Merchants of Doubt by Naomi Oreskes and Erik M. Conway is an important and eye-opening book. Many of us may have a vague, nagging feeling that there's still something wrong with the science on global warming or acid rain, or an idea that Rachel Carson's attack on DDT was somehow sloppy or overly emotional. It turns out that the reason these doubts play on our mind is that a small group of Cold War physicists and their associates have vigorously campaigned to promote these doubts. Tightly argued and copiously referenced, Merchants of Doubt shows how for this group of scientists, opposition to Communism became opposition to environmentalism because of their conviction that environmentalism would lead to socialist attacks on the free market and therefore on freedom itself.
A handful of scientists and a small but powerful network of funders and think tanks, from Phillip Morris to Exxon to the Competitive Enterprise and Cato Institutes, have orchestrated campaigns of doubt against emerging scientific consensus on a series of issues from the harms of smoking (and second hand smoke) to the ineffectiveness of the Strategic Defense Initiative (Star Wars) to depletion of the ozone layer to acid rain to global warming. Oddly, they have even tried belatedly to undermine Rachel Carson's work on the harmfulness of DDT, charging Carson with responsibility for the malaria deaths of a million African children -- ignoring the fact that insect resistance had already undermined the effectiveness of DDT before Carson wrote Silent Spring.
Oreskes and Conway demonstrate the common strategies used by these scientific contrarians. They begin by focusing on questions and controversies within the scientific community. They call for more research before any precipitate action. They meet with journalists and editorial boards and urge them to "report both sides" of an issue even if one side carries the weight of scientific consensus while the other side is supported only by a handful of professional doubters. They write articles for non-peer-reviewed (often industry-sponsored) publications and then quote these reports in the popular press as if they had equal weight with original peer-reviewed research or massive reports of scientific consensus. When necessary, they launch vicious attacks on the personal integrity of scientists they see as representing the wrong side.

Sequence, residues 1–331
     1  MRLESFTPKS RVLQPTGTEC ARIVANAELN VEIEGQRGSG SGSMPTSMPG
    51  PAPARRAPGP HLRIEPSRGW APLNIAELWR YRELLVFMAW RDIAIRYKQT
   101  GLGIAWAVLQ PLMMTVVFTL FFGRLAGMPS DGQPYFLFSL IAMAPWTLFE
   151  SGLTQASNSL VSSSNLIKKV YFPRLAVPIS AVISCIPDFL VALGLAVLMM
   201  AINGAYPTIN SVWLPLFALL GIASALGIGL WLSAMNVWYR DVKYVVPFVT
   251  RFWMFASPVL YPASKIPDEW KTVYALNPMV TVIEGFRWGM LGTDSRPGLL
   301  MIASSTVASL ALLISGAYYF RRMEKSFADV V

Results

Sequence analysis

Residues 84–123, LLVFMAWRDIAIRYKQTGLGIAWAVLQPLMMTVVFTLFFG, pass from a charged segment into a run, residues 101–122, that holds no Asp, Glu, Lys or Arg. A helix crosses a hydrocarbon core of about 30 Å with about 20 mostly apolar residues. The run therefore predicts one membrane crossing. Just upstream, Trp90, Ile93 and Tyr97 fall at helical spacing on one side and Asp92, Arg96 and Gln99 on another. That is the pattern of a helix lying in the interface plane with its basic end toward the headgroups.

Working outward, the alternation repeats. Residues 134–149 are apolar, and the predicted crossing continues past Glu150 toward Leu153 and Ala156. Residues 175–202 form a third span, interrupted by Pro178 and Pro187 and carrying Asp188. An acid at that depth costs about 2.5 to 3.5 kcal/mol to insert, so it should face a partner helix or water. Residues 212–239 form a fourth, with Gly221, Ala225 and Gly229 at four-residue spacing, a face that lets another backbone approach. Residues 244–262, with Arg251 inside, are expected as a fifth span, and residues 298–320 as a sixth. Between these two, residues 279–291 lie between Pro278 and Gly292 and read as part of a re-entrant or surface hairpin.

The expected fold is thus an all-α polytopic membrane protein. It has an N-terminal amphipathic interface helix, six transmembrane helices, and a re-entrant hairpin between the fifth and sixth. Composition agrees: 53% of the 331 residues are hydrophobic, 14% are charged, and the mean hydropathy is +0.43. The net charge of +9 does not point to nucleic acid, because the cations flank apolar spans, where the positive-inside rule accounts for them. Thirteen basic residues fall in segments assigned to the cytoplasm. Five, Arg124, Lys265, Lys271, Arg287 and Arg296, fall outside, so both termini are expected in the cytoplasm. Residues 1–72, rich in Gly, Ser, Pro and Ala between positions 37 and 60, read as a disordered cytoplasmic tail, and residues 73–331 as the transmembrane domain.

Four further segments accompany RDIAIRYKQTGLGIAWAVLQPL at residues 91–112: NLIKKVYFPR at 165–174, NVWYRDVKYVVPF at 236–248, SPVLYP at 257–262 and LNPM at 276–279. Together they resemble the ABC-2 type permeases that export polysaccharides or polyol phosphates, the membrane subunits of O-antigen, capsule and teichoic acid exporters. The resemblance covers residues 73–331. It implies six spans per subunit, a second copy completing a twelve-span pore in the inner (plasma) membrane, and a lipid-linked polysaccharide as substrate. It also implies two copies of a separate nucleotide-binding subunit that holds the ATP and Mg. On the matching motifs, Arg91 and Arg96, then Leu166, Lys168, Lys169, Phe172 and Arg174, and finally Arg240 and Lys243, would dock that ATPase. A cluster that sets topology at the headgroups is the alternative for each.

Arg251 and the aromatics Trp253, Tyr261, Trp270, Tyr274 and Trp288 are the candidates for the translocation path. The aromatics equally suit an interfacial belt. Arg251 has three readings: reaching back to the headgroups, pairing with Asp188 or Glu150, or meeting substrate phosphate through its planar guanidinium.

This is scary stuff. It's important to read this book carefully, to keep an eye open for evidence of bias or exaggeration by the authors. At times they may state some conclusion a bit too strongly. At times they attribute motives to the sowers of doubt without real knowledge of what their motives are. But all in all, this is an important, disturbing book that shows how we can allow ourselves to be deceived by our own intellectual laziness and our preference for believing things aren't so bad that we have to change how we live. Too often we've allowed ourselves to be lulled into complacency by so-called experts wearing ideological blinders. Too often these experts are working for the benefit of those who have the most money to lose if the truth about negative environmental effects of certain industries becomes widely known.
This is a dense book, with hundreds of names, a good index, and 64 pages of notes. But it reads quickly, if not quite like a thriller. The science is well explained, although I might have wished for more detail in places. For me there was a bit too much repetitive writing about the nature of science - but maybe that's important for readers who have spent less time following scientific controversies over time. Fortify yourself against false doubt: read this book.